Pure win: Array.from and Array.of

Brendan Eich brendan at mozilla.com
Sun Jul 10 09:36:50 PDT 2011


On Jul 10, 2011, at 3:06 AM, Dmitry A. Soshnikov wrote:

> Array.from is a good addition, I guess any good framework has it.
> 
> Though, `Array.of` in contrast doesn't bring much of a sugar. Compare these two apples-to-apples:
> 
> Array.of( "things", "that", "aren't", "currently", "an", "array" )
> 
> vs.
> 
> ["things", "that", "aren't", "currently", "an", "array"]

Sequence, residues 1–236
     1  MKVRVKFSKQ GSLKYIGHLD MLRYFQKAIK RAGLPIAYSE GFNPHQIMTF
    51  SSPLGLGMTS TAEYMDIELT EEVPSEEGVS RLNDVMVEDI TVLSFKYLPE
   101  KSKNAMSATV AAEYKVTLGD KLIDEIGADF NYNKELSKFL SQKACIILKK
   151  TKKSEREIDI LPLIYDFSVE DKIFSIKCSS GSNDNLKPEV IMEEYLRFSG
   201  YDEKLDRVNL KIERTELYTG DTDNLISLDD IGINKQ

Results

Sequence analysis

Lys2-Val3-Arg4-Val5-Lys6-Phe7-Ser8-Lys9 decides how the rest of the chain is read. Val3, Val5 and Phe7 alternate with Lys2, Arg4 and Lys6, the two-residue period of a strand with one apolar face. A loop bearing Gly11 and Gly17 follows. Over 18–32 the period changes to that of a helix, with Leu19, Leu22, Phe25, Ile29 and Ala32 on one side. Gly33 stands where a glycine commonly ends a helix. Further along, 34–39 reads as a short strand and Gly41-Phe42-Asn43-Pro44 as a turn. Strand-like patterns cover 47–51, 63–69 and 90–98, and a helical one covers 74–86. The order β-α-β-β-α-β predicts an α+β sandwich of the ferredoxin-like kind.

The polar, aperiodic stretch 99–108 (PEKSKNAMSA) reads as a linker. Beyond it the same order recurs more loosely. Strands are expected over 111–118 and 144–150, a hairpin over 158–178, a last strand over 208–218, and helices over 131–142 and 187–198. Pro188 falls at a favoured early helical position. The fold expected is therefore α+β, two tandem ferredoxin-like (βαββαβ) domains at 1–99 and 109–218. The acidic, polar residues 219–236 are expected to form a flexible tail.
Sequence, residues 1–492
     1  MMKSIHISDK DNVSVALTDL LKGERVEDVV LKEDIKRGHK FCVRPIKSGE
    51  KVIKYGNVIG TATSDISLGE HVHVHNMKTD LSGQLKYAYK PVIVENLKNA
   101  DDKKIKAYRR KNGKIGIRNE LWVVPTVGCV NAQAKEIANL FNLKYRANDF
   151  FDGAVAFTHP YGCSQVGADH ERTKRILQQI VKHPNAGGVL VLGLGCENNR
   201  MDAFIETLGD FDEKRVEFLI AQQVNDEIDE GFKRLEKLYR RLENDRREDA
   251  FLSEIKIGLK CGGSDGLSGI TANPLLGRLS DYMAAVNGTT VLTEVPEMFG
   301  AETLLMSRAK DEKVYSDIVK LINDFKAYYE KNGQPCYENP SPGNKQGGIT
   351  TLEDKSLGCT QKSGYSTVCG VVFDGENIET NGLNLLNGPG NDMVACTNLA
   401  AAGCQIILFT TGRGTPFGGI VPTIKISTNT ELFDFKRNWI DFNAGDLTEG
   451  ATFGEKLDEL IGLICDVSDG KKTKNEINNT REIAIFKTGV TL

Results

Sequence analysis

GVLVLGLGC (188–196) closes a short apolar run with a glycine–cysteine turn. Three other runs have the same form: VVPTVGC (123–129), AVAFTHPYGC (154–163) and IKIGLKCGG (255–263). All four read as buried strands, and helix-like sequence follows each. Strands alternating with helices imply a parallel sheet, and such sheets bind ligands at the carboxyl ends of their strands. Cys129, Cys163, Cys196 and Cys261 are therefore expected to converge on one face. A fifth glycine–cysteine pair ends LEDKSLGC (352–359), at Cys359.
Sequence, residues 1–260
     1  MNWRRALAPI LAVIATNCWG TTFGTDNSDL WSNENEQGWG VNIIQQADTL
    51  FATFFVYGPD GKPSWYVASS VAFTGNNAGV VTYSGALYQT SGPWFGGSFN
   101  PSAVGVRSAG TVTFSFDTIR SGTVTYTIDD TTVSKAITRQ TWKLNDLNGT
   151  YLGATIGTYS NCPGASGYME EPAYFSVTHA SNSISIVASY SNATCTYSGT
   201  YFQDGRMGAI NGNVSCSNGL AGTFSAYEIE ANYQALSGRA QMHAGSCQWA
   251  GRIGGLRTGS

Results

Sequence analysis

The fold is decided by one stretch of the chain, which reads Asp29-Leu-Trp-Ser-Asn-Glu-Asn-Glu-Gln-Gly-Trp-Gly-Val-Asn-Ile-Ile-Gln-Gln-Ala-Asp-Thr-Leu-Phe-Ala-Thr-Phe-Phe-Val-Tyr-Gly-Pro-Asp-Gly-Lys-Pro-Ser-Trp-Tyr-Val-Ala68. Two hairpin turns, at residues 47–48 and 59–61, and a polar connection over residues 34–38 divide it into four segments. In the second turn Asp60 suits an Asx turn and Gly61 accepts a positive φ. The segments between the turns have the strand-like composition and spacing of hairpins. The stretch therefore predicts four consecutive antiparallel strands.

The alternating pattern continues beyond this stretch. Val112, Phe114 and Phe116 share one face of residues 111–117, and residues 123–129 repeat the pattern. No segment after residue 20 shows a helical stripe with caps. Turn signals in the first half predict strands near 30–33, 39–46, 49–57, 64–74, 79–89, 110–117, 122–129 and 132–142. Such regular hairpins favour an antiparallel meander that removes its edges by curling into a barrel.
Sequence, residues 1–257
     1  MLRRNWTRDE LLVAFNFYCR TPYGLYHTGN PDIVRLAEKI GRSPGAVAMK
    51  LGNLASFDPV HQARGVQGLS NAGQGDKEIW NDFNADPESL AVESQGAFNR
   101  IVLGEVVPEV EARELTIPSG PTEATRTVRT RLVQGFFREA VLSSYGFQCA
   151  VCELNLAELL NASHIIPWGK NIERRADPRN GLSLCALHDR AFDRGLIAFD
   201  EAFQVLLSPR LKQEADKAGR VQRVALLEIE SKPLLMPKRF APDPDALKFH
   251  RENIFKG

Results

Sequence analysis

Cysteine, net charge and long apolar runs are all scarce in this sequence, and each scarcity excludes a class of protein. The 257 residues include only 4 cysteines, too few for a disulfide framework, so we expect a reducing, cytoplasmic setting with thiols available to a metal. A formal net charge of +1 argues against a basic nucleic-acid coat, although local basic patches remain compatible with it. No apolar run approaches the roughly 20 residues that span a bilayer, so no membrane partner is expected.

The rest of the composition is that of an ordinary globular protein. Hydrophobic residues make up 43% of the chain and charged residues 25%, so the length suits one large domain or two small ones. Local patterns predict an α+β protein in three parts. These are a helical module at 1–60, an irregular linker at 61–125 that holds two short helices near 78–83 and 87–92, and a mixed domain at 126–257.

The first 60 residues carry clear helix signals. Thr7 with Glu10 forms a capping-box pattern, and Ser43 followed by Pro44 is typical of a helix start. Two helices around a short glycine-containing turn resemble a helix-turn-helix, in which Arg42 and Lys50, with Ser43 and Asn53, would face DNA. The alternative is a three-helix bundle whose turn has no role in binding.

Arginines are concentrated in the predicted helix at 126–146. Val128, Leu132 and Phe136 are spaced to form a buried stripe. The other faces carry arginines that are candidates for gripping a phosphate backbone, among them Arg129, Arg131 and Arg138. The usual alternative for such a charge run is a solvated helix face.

> 
> what's the goal in first case to write this useless "Array.of" prefix and exactly the same to manually enumerate the items? In fact, the second one is more suggared than the first one (the first one is: "added useless prefix Array.of and brackets around items are replaced with call parens").

Note that JS's pattern for alternative constructors is String.fromCharCode, Array.from, etc. -- "class methods".

So the goal of Array.of is to provide a constructor that, unlike Array, does not have that insane special case for Array(42), which presets length (and hints to implementations to preallocate) but leaves holes in [0, length).

I agree that an Array.prototype.fill or similar method is a good addition too.

/be



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